Demi Moore wearing glasses
Demi Moore ©Getty

How to find your perfect pair then? Broughton advises that fit is everything. ‘Choose a frame that fits well at your nose, ideally with a top brow which follows your eyebrows - whatever you do, don't get your eyebrows in the lenses. Similarly, the arms should bend just at the start of your ears. In terms of style, the old adage is to offset the geometry of your face. In other words, go for a frame that has the opposite characteristic (this could mean choosing a square frame for a round face). But I think that's less relevant right now - the bolder your choice, the more compliments you're going to get’. Unsurprisingly, Cubitts have seen an uptick in its Bespoke service, which allows wearers to have a glasses made to fit their exact measurements (check out Bespoke+ offering if you want something completely unique).

According to Wilkinson, who says you should never choose frames based purely on trends (wise advice: not only do you need to take into account what suits you, opticals are an investment), it's also important to think about your colouring. 'I would also take into consideration the hair colour, eye colour and skin undertone – choosing the right colour can give you similar results as colour correcting, and can help to reduce the appearance of redness, brighten dull skin, and enhance golden undertones for a year-round summer glow'.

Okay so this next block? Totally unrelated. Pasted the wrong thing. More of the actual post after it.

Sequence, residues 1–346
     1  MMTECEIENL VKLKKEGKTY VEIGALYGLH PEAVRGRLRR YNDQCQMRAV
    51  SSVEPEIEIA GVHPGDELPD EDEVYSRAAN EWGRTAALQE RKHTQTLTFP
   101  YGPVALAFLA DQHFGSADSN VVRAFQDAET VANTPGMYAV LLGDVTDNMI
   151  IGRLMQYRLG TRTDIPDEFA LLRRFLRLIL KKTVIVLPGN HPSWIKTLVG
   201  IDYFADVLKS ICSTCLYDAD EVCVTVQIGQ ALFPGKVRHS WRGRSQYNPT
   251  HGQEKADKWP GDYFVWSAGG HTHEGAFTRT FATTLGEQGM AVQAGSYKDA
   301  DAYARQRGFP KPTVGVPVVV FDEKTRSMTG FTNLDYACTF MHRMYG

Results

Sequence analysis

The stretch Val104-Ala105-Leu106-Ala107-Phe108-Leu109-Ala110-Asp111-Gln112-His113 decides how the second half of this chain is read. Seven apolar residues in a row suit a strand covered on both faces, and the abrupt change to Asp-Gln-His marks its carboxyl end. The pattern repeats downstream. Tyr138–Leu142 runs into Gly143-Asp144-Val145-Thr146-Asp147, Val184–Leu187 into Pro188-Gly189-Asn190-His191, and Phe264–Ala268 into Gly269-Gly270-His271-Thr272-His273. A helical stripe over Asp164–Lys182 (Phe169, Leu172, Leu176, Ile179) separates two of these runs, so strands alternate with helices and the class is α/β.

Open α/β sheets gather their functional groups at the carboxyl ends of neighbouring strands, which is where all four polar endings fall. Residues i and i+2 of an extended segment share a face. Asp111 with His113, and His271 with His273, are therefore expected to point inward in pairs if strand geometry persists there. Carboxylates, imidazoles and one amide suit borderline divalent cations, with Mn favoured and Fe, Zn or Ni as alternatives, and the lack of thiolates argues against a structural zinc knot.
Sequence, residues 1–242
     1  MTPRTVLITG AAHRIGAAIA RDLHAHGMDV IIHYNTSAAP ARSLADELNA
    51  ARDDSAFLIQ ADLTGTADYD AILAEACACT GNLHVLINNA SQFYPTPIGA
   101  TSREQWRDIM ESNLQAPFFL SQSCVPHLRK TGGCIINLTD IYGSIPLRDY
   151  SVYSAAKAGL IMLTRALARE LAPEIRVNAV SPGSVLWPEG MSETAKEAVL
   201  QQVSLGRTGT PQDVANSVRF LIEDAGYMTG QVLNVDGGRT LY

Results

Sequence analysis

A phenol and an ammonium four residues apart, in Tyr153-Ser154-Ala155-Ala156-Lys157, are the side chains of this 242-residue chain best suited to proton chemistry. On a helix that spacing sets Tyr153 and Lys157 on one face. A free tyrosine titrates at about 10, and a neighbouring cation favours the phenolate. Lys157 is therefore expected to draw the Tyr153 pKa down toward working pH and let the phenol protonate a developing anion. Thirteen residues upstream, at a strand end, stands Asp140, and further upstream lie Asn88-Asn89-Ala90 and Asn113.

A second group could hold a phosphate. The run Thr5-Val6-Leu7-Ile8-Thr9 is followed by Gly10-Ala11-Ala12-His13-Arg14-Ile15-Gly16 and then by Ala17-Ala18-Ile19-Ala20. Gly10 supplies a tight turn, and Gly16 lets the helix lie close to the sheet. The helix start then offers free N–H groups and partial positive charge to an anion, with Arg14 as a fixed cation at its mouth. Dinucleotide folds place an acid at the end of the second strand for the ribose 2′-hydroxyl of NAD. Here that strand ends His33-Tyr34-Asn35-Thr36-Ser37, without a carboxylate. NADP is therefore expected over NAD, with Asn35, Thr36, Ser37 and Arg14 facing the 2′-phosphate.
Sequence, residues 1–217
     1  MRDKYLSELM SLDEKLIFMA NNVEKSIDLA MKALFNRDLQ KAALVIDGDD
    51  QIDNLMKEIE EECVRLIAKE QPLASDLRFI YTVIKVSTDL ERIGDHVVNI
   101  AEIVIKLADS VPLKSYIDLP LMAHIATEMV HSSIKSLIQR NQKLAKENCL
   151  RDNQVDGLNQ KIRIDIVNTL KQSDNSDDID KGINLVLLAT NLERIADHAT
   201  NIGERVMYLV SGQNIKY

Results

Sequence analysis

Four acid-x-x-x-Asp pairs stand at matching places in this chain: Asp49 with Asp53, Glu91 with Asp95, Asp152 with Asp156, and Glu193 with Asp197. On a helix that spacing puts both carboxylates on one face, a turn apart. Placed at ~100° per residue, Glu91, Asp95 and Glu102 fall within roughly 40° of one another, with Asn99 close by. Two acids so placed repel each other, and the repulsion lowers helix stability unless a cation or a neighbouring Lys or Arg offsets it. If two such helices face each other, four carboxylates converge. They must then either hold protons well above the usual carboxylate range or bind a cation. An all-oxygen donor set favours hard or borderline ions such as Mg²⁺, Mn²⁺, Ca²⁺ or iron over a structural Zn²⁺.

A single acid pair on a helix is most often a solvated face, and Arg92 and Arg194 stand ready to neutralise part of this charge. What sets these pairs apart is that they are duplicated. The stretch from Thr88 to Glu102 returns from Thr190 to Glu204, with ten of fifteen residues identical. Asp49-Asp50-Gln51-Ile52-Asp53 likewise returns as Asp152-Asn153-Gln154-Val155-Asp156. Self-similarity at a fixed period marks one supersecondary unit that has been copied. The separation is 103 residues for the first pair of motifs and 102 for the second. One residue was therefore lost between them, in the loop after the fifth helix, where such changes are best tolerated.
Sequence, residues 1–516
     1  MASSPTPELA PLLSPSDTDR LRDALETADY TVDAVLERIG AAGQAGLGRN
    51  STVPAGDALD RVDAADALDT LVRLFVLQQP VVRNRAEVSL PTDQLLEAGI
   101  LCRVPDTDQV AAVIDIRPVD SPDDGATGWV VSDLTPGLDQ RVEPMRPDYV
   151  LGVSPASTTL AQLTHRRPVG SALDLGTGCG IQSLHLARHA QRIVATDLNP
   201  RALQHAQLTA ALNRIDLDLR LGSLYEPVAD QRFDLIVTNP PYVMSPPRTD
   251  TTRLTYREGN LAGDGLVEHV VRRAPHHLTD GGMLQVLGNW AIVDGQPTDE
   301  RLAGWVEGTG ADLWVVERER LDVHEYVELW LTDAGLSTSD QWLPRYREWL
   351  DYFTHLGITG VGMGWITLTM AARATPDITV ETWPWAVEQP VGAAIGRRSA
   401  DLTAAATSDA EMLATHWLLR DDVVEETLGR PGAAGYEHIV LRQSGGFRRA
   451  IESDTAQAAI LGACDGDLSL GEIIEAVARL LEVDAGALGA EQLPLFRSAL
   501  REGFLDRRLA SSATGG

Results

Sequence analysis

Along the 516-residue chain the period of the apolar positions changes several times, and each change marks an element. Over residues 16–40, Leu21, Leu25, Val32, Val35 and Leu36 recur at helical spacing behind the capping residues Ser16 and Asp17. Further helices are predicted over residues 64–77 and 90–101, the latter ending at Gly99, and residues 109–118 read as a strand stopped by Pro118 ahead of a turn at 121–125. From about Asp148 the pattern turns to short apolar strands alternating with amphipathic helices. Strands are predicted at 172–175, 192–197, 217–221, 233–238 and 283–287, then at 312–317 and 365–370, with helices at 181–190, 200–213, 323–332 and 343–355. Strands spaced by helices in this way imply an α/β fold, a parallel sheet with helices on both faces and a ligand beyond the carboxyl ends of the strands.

SHOP: The Best Glasses

Moscot, Yontif, £2651 of 9

Moscot, Yontif, £265

Cubitts, Matilda, £1252 of 9

Cubitts, Matilda, £125

Cutler and Gross, 1386 Optical Square Glasses, £2953 of 9

Cutler and Gross, 1386 Optical Square Glasses, £295

Bottega Veneta, Cat-Eye Glasses, £2954 of 9

Bottega Veneta, Cat-Eye Glasses, £295

Prism, Dakota Dark Tortoiseshell, £1955 of 9

Prism, Dakota Dark Tortoiseshell, £195

Specsavers, Bessie, £996 of 9

Specsavers, Bessie, £99

Celine, Cat-Eye Acetate And Metal Glasses, £3107 of 9

Celine, Cat-Eye Acetate And Metal Glasses, £310

GLCO, El Rey in Black Glass, £2508 of 9

GLCO, El Rey in Black Glass, £250

Linda Farrow, Dunaway Oversized Optical Frame In Tortoiseshell, £3009 of 9

Linda Farrow, Dunaway Oversized Optical Frame In Tortoiseshell, £300

Another thing to consider? Multiple options. ‘Glasses are the first thing one puts on in the morning and the last thing one takes off at night and, therefore, could be the most critical accessory you choose in terms of fashion and function,’ says Moscot. ‘For this reason, it is important to have more than one pair so you can express your sense of style with different frames and different outfits on different days’. As Samantha would say: fabulous!